Moose Drool poured a medium brown that almost looked like blackberry at times. It had nice lacing and carbonation and sported a full, hearty taste without being overwhelming. I tasted some nice malts and caramel flavoring with a touch of nuttiness, all well balanced and not overly sweet. Take away the mountains, the forest, the song of birds and rustle of leaves, and this beer would still score high with me. And that’s a good thing, because I plan to drink it again, and unfortunately, the next time will probably be within the city limits.

September 23, 2012

Tangerine Wheat Ale

Filed under: Ale,American,Fruit,Wheat — hikingsandiego @ 7:30 pm
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Tangerine Wheat AleDate: September 2012
Cost: $6.99/6-pack at Ralphs
Brewery: Lost Coast Brewery, Eureka, California
Alcohol content: 5.0%
Served: Cold in a chilled glass and chilled in the bottle

September has been brutal in San Diego: temperatures in the 90s and 100s, alternating between tropical rainforest humid and desert dry. When I saw a six-pack of Tangerine Wheat Ale on sale at Ralph’s, I thought that sounded like a nice, light, fruity beer that would put a cold kibosh on the murderous heat. And I was right.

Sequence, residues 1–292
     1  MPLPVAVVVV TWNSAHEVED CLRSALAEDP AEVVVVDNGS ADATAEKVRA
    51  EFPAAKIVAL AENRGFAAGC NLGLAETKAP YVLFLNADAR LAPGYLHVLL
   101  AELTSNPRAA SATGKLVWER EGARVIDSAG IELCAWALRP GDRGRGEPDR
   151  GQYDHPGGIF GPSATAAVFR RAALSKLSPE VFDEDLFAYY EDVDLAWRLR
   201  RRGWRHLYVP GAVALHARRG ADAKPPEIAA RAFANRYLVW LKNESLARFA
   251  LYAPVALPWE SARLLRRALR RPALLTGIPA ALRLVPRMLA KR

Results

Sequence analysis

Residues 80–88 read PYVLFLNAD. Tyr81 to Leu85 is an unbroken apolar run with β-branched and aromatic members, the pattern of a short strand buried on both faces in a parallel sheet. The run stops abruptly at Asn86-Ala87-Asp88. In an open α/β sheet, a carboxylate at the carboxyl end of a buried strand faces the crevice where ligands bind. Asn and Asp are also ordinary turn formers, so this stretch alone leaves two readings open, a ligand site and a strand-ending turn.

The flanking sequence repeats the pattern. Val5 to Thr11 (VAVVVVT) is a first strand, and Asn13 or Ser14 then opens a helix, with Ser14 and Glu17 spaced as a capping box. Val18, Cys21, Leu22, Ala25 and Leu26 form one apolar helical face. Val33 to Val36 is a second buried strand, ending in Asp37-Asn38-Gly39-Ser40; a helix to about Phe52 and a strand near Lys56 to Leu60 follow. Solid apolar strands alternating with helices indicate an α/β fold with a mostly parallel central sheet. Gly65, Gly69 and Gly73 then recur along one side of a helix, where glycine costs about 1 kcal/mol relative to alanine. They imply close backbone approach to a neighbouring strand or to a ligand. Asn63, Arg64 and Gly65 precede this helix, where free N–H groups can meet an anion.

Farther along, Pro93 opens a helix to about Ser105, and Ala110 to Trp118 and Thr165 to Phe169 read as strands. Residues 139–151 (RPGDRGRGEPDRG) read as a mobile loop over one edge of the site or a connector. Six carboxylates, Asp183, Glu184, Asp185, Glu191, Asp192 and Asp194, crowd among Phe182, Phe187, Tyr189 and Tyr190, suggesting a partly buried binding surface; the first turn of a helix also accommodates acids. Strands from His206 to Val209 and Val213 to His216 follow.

Let me preface this by saying that it wasn’t love at first taste. My initial reaction to the first sip was that the tangerine flavor was delightful, but the ale behind it was weak. Still, not a bad summer beer.

Subsequent bottles have made this beer grow on me. Served cold, really cold on a blistering summer day, this beer is like a liquid oasis. The spicy, fruity tangerine and cold, mellow ale flavoring mixed with the chill of the fridge will make you feel civilized again. It’s a different beer with a unique flavor, and I’ll definitely buy it again.